No arguments from me. I admit I’m not so familiar with the newer stuff. The older tcs systems don’t reduce the engine output, other than through increased load that is. But no actual cutting of the power.
  10. Chicken Drumstick

    Thoughts and musings on the new defender

    I don’t know for sure. But my expectation would be the tcs would behave differently in the different terrain response modes. As well as a difference between high and low range. @Red90 do you know if they were in low or high and what mode they were using for the terrain response in the LR3?
  11. Chicken Drumstick

    Thoughts and musings on the new defender

    Off road TCS shouldn't be cutting engine power, it only applies the brakes. At least that is how it works on my p38a and on late model Defenders.
  12. Chicken Drumstick

    Thoughts and musings on the new defender

    Jeep's Quada Drive II system looks appealing, the TCS controlled some E-diffs, rather than brake force distribution. I guess this sort of thing would work well on any new Defender.
  13. Chicken Drumstick

    Thoughts and musings on the new defender

    It's funny how traction works out sometimes. I recall we were problem tracking an issue on my brothers 90 the other year, we decided to lift the bonnet off and drive up the field to a steep muddy ascent on the off road course. And put it in low 1st and let it tick over, we hoped it would just sit there and spin the wheels in the wet grass. With diff lock out, it would slowly climb the slope. With difflock in, it would just spin two wheels and stay where it was. I think with the diff open, it was almost like a dumb tcs system, and the diffs slowly allowed power to easily be applied to one wheel at a time. Which kept varying, with the centre diff locked, of course the front and rears were forced to rotate at the same speed.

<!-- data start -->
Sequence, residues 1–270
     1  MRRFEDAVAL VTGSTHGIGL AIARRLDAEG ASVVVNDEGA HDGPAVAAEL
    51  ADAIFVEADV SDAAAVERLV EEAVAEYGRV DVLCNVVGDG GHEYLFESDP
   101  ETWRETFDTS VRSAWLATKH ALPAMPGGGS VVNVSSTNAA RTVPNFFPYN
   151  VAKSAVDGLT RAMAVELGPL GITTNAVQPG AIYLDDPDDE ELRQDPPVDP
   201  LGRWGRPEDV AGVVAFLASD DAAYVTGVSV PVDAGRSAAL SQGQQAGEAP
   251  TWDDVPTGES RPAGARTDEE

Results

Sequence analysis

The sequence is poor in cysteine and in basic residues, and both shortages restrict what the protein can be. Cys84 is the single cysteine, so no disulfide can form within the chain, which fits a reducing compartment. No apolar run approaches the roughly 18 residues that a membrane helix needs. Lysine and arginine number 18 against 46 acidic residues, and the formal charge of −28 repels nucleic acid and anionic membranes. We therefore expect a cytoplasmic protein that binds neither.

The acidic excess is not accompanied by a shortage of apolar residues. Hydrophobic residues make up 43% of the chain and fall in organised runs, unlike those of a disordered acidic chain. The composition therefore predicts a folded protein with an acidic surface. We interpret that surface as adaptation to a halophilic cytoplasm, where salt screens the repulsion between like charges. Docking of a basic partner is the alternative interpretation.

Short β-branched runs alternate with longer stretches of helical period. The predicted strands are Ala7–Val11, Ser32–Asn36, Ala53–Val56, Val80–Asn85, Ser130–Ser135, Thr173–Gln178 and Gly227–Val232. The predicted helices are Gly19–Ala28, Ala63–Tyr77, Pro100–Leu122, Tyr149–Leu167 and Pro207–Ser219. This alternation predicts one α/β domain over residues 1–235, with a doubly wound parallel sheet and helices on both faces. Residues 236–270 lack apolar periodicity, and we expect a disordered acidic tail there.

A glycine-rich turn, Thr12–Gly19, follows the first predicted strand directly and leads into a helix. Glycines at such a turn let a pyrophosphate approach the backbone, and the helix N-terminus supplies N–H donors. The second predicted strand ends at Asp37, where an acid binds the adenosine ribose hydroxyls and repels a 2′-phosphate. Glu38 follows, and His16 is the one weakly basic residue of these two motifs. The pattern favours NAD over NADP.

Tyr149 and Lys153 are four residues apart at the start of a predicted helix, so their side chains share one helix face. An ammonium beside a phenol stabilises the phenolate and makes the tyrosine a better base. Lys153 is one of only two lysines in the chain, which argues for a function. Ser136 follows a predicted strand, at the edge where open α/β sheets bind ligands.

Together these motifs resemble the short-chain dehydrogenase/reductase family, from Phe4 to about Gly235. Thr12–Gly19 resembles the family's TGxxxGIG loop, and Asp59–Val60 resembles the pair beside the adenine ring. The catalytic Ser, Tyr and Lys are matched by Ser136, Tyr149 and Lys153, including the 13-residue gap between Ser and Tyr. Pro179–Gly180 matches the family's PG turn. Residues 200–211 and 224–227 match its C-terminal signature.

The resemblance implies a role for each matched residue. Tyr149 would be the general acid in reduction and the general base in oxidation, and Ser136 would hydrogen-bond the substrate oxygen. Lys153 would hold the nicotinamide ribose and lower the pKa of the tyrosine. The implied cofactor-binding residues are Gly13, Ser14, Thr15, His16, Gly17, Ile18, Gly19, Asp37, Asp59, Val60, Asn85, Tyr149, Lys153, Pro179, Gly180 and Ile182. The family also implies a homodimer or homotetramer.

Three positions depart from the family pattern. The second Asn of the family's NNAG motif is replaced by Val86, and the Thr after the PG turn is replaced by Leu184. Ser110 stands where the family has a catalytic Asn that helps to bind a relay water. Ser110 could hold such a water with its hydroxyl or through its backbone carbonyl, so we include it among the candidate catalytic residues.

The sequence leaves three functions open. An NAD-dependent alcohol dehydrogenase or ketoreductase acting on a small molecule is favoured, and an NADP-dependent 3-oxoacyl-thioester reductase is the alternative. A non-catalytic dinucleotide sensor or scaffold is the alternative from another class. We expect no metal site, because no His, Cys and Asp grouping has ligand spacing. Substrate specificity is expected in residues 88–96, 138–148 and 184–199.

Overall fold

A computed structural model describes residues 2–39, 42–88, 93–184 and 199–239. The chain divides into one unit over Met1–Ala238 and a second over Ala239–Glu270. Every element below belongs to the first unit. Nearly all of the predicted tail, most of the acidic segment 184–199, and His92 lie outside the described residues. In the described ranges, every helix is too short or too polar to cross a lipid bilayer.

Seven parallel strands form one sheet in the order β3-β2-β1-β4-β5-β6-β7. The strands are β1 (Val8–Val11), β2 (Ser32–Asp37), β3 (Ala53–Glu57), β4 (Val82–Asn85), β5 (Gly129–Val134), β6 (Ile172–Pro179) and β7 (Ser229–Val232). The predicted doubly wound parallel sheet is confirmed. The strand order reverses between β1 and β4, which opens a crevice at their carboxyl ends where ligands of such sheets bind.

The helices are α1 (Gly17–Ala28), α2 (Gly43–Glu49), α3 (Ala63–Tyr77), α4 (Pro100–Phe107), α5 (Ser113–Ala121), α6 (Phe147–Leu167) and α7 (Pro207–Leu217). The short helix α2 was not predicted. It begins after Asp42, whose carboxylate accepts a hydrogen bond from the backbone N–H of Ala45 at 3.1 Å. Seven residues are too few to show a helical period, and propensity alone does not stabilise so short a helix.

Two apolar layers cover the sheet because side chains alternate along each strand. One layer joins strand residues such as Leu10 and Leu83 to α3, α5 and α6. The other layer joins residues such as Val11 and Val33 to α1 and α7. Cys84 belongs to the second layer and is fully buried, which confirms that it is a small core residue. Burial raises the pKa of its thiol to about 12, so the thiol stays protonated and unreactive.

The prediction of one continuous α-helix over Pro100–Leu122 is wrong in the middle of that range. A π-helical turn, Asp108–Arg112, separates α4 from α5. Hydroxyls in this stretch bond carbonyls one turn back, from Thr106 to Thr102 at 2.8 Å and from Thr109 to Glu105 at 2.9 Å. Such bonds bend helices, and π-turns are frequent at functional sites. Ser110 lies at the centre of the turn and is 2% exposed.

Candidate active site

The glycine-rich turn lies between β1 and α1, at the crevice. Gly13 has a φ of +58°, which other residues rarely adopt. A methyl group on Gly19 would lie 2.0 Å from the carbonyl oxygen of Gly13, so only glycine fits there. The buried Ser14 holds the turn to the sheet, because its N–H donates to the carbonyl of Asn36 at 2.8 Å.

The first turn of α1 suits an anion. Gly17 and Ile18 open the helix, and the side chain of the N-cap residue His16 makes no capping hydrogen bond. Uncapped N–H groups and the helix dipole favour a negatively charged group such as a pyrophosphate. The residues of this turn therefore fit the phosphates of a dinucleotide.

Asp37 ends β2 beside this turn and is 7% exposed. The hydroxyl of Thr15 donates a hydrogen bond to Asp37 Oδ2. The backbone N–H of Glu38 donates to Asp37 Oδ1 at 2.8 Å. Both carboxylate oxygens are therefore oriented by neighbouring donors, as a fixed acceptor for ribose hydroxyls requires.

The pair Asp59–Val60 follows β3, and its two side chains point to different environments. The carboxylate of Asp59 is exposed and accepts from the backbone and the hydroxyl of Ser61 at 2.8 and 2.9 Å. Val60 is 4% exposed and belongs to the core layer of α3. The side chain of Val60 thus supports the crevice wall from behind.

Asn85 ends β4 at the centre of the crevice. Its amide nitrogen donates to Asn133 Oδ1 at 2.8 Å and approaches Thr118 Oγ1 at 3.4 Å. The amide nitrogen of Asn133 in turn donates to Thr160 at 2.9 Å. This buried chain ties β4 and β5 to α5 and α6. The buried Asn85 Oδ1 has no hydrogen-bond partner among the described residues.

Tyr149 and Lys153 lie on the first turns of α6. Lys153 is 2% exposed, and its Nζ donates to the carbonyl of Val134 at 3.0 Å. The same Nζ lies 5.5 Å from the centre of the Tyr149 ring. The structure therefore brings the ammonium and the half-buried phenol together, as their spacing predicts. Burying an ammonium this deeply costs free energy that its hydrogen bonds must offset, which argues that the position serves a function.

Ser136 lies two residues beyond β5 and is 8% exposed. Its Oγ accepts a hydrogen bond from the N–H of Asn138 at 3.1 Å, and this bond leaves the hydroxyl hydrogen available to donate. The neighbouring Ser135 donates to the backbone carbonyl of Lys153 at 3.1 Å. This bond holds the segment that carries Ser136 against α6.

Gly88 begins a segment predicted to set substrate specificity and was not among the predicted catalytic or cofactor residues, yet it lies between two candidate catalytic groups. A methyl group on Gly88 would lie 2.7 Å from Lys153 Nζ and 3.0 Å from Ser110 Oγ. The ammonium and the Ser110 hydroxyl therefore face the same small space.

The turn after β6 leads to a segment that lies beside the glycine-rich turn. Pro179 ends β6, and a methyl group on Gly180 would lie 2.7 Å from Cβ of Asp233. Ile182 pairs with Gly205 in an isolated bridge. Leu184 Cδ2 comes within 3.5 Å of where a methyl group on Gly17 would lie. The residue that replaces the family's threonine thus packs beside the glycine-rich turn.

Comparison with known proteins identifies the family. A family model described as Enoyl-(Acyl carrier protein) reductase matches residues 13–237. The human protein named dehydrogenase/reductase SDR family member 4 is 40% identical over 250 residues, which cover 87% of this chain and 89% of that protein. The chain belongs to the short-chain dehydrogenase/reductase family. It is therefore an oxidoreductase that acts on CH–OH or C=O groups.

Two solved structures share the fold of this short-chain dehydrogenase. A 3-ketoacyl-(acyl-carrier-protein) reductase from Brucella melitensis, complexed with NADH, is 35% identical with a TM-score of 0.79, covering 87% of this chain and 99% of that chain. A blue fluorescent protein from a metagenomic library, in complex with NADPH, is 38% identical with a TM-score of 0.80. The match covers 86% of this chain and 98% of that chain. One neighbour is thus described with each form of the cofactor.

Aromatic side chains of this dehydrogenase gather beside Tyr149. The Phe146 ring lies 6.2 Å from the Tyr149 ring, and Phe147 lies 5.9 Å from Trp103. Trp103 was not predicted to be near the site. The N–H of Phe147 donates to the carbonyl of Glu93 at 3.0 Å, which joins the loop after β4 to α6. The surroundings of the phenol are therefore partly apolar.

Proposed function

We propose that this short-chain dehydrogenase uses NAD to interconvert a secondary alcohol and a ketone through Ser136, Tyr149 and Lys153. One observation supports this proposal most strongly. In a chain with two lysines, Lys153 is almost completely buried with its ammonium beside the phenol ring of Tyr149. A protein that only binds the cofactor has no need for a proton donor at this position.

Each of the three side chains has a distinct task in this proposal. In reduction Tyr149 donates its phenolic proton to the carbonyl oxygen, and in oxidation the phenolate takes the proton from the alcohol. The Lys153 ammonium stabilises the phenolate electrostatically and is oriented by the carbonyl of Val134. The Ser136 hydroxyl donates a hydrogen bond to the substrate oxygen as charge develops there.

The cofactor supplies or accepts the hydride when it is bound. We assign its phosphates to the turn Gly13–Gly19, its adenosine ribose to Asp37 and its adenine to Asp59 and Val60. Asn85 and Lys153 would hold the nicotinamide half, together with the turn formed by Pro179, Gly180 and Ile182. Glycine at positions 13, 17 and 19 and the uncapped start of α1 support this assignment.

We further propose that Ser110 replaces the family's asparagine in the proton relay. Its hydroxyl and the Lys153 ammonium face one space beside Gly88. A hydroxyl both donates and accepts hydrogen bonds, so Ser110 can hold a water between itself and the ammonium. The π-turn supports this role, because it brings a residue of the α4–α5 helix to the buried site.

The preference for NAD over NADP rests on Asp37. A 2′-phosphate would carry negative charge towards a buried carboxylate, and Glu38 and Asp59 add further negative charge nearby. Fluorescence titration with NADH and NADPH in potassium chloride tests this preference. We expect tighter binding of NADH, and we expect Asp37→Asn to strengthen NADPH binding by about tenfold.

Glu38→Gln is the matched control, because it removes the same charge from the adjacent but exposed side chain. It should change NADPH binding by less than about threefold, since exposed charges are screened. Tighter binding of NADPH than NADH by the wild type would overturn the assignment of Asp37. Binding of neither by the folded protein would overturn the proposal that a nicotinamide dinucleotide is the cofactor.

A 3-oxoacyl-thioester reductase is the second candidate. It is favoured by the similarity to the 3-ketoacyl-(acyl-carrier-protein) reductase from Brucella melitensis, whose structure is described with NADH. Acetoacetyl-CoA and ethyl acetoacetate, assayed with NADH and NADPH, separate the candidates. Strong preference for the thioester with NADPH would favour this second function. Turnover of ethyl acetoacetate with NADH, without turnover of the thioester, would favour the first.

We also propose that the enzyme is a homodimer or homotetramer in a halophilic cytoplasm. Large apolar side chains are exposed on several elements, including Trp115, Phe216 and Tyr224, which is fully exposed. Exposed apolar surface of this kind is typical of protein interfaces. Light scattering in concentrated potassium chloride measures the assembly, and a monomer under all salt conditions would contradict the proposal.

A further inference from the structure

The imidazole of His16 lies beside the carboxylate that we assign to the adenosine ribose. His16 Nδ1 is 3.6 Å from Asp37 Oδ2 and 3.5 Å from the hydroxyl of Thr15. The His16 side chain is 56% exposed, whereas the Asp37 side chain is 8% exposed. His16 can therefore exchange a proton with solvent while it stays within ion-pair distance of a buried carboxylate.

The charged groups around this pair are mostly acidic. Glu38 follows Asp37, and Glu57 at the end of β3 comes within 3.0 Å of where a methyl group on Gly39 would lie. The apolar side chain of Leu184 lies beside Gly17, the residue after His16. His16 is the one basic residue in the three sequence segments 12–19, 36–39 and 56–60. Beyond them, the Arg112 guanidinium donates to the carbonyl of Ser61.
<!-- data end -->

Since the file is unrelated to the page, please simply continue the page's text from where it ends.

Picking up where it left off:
14. Chicken Drumstick

    Thoughts and musings on the new defender

    Range Rover uses a viscous centre diff and can't be locked. Makes it very good when working for most things and a better turning circle off road, but as you found out, no good with a broken shaft/prop. This would be true for p38a's and some classic RR's too.
  15. Chicken Drumstick

    Thoughts and musings on the new defender

    TCS (in most cases) is a substitute for a limited slip diff, not a full locking diff. It has many advantages over locking diffs. Primarily in the fact it requires no user intervention. It also allows you to retain your steering lock, full diff locks, especially at the front will give you the turning radius of a starship. TCS is also good for changing conditions, such as running in snow, slush and wet tarmac. Full diff locks are also a bit of a blunt instrument, as they will force the tyres to spin at exactly the same speed. This is mostly good, but can cause issues at times. I'm not knocking full lockers, they are brilliant at what they do and for specific off road use. Which is why they are optional on all modern Land Rovers for the rear axle since the D3 (except the Defender). For most people I suspect front and rear TorSen ATB's with TCS would prove to be a more usable and superior solution, but would cost more.